World Facts

10 of the World's Most Interesting Subway Stations

Sometimes, metro stations serve a purpose that is not only utilitarian, but artistic.

Amazing stations dedicated to public transportation can be found all over the world. A subway (or metro) station is considered interesting either by its efficiency or by its beautiful architectural designs and art work. These subways not only offer transport from one point to another but in some cases, also qualify as a tourist attraction. They improve the aesthetic value of the town or city in which they are built. In no particular order, here is a list of some of the most interesting subway stations across the globe.

10. Paris - Arts et Metiers

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Paris' Arts et Metiers was opened on October 19, 1904. It serves line 3 and line 11 of the Paris Metro. It was named after the museum, Musée des Arts et Métiers, which is served by the station. The lead designer, Francois Schuiten claims to have gotten his inspiration from the science fiction works of Jules Verne. The interior designs have copper finishing, portholes, and wheels which are suspended from the upper part of the tunnel. The seats and the bins too have a copper finishing. There is subdued lighting system that makes the subway station even more alluring.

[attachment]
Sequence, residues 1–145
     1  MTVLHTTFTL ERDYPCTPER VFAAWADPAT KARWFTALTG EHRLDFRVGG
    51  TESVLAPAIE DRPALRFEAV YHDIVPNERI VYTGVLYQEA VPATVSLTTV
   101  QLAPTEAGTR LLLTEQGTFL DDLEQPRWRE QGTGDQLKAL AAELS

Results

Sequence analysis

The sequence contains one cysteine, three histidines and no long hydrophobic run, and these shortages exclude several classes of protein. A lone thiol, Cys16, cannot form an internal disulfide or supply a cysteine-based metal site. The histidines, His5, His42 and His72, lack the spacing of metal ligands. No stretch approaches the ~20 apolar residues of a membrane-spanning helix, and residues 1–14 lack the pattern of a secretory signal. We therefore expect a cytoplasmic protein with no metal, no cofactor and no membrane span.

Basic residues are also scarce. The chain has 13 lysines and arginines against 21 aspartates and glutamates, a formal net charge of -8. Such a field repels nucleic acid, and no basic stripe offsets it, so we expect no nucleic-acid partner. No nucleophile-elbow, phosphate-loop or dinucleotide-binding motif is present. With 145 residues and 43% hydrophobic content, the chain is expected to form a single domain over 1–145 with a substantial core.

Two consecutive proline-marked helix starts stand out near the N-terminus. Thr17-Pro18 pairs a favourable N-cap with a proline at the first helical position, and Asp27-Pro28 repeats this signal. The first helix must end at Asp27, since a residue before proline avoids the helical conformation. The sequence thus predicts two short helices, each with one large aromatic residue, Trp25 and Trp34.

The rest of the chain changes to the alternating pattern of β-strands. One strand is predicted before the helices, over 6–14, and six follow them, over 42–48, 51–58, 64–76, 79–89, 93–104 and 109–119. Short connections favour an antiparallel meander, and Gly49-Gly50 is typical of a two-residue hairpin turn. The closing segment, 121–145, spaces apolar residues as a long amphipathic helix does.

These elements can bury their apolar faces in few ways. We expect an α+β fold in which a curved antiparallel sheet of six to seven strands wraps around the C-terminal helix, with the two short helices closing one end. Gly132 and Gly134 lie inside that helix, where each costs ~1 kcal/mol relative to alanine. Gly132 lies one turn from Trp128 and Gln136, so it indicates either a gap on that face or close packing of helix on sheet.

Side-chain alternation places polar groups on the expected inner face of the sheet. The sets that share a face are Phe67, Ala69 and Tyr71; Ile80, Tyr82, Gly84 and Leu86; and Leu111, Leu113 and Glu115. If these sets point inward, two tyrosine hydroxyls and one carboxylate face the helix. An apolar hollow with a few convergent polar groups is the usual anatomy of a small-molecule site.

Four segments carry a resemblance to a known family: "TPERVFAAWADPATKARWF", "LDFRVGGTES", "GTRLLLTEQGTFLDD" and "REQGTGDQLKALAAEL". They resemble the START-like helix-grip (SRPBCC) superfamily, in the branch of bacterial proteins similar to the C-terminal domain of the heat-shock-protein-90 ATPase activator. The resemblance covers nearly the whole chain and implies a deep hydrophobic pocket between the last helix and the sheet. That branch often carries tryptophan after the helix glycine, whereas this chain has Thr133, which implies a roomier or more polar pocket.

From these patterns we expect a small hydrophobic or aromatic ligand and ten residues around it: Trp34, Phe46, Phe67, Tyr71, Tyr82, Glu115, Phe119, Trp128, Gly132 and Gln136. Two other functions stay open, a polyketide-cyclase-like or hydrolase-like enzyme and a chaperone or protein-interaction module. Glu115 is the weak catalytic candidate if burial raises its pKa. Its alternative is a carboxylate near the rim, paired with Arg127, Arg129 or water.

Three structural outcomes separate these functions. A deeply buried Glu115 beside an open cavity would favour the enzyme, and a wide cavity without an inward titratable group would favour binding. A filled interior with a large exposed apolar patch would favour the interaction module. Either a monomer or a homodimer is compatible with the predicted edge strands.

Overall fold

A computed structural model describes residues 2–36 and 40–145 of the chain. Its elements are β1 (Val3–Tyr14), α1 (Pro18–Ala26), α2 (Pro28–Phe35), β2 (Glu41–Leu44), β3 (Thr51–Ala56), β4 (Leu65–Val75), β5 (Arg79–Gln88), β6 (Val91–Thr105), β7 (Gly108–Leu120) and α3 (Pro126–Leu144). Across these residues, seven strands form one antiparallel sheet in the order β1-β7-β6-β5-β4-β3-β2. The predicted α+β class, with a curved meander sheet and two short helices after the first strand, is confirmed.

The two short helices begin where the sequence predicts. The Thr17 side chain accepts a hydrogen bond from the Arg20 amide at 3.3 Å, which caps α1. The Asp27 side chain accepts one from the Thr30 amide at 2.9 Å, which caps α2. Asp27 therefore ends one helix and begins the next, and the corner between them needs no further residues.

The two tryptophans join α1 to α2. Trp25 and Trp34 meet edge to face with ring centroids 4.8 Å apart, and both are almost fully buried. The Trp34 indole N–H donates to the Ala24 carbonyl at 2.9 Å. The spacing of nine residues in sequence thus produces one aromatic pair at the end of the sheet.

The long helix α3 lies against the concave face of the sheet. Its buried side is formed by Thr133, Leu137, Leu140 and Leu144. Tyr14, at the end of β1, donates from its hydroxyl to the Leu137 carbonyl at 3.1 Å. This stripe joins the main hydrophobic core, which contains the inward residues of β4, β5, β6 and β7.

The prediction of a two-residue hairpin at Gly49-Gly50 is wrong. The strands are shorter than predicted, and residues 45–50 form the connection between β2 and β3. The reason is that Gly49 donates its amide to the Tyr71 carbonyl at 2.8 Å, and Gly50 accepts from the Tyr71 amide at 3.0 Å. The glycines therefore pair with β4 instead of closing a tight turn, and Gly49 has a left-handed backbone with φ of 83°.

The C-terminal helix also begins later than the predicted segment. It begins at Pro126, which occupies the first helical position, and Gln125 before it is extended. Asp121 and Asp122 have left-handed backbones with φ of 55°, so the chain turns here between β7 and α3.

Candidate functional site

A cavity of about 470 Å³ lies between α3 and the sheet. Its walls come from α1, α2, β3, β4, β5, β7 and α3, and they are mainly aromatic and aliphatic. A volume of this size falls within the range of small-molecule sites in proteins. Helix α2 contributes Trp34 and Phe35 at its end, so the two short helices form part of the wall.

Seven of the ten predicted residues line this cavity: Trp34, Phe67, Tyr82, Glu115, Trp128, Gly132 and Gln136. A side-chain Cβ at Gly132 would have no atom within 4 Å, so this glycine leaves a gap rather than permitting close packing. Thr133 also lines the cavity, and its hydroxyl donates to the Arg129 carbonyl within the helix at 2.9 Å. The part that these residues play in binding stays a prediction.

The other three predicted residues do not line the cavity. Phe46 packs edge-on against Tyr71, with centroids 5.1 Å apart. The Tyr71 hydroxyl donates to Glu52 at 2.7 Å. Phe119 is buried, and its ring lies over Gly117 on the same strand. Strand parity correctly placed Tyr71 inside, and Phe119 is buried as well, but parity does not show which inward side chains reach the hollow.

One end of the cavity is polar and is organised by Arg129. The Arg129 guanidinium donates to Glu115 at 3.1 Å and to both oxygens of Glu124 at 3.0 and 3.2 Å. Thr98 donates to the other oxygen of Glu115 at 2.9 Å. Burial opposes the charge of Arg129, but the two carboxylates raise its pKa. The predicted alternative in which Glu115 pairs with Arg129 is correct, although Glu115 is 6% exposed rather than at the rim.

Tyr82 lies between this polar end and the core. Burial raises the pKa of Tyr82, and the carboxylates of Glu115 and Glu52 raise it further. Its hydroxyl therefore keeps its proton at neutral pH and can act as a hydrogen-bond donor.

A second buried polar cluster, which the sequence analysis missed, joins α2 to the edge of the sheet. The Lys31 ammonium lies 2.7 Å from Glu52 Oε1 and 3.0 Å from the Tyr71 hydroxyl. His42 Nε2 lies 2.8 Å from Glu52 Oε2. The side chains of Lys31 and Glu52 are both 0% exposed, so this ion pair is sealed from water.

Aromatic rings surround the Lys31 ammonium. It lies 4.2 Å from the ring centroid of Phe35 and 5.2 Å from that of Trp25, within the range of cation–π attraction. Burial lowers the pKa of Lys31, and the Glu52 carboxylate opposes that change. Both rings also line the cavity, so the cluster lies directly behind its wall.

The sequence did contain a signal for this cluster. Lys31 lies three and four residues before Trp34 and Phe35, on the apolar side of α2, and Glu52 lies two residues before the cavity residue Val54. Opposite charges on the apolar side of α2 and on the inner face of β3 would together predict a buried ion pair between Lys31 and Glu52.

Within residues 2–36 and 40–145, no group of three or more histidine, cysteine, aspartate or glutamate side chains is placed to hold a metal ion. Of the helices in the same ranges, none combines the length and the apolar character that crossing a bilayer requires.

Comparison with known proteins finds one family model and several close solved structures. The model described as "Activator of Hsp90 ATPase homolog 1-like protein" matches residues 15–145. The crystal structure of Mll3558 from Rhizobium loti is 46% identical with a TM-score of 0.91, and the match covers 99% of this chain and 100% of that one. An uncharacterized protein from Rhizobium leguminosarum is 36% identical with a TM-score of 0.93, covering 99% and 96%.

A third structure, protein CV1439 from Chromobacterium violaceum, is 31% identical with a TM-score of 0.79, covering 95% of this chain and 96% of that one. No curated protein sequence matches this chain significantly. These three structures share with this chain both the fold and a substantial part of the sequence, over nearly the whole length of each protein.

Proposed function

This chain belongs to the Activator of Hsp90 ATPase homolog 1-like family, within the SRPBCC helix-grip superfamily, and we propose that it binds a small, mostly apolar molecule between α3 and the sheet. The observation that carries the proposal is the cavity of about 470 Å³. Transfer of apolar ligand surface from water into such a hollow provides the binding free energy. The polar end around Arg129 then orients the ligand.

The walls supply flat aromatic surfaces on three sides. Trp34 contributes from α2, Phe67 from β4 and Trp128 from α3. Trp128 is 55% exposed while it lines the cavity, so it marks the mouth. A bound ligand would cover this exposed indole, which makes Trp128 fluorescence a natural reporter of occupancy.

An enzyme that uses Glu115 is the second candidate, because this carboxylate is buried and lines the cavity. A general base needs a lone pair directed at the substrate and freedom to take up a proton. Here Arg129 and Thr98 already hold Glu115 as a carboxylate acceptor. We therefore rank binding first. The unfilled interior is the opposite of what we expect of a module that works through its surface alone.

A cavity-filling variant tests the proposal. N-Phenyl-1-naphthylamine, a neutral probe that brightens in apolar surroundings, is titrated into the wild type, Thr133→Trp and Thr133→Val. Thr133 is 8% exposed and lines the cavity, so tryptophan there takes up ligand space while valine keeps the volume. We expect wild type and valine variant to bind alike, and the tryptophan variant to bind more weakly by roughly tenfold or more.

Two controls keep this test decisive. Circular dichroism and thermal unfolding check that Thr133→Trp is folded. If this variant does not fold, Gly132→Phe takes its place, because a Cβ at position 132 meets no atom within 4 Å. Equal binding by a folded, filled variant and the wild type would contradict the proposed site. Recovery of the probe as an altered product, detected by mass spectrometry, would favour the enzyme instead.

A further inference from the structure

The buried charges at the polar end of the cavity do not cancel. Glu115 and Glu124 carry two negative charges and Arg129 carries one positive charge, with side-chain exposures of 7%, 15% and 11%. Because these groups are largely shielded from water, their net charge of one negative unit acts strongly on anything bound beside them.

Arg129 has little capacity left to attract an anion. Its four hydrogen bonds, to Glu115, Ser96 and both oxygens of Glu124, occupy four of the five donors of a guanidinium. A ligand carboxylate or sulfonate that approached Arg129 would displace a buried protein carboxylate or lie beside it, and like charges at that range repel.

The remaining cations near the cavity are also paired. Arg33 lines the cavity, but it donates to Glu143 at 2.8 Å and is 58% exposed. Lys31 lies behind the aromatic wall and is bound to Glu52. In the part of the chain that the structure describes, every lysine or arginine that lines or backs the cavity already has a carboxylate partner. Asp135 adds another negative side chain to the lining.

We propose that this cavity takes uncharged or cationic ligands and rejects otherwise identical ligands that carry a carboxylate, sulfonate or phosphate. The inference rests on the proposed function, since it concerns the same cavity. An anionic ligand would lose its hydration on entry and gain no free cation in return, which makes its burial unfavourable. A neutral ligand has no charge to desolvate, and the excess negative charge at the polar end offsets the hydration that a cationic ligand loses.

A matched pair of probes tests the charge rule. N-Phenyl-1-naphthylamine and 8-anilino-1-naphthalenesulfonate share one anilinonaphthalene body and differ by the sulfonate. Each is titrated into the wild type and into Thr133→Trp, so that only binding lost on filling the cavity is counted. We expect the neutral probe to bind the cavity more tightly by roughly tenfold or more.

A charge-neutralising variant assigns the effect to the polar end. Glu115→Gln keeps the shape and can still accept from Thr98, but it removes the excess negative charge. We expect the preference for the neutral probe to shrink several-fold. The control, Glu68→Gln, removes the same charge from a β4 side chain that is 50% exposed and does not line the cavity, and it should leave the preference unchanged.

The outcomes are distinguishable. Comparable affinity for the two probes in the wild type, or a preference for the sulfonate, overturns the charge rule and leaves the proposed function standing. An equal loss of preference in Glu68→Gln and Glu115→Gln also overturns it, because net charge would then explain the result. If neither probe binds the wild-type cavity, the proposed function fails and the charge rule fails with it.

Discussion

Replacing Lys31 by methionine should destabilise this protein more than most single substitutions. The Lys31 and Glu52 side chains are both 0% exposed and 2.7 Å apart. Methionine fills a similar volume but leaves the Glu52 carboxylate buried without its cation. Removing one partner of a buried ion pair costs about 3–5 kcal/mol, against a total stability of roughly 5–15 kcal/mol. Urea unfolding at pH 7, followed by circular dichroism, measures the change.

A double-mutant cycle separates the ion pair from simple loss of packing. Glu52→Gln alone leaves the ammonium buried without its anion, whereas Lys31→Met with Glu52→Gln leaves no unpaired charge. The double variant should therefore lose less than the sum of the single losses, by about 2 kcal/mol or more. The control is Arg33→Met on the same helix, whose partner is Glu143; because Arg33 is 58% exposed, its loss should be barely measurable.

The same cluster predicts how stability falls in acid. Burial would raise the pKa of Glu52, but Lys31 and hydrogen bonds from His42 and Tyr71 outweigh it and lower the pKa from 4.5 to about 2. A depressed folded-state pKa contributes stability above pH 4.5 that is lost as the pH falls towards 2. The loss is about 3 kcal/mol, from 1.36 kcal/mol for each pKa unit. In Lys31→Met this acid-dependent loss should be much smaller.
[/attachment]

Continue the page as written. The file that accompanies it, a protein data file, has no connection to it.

9. Kiev - Zoloti Vorota

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Zoloti Vorota station serves the Kiev Metro Station in Ukraine. Although it may not be the most elaborately designed station on this list, there is an understated beauty to its aesthetic. Inspired by Kievan Rus’ Temple, the station was opened on December 31, 1989. There are mosaic works that are embedded on several points of the station. In 2011, the station's mosaics were listed as "newly discovered objects of cultural heritage" by the city's Department of Cultural Heritage.

8. Naples - Toledo

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The underground Toledo Metro Station is famous for its beautiful architecture and art. The station is located 50 meters deep underground. It won the 2013 LEAF awards as the "Public Building of the Year". The subway station is built along the main shopping street of Naples, an added advantage to its efficiency. It was designed by a Spanish firm, Oscar Tusquets Blanca. The themes used to design the stations are water and light themes. Apart from the intriguing design of the walls, there are a lot of artworks from different artists. In the corridors of the station, there are mosaic works of William Kentridge.

7. Saint Petersburg - Avtovo

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Avtovo underground subway station was opened on November 15, 1955. It is located near the town center of Saint Petersburg, Russia. It is situated 12 meters below the ground and is notable for its ornate decorative features and crystal chandeliers, which hang from the ceiling. The intriguing marble finishing of the tunnel makes its appearance even more beautiful.

6. Stockholm - Stadion Station

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Stadion Metro station was opened in 1973. It is located at the site of the city’s former Olympic stadium which was hosted the 1922 Stockholm Games, on the red line of the Stockholm Metro. This impressive underground subway station is characterized by several unique features. The walls of the tunnel are very colorful. There are several themes used in different parts of the subway station to decorate it. The finishing is at some point is rugged, giving the subway station a cave-like look and an ancient feel.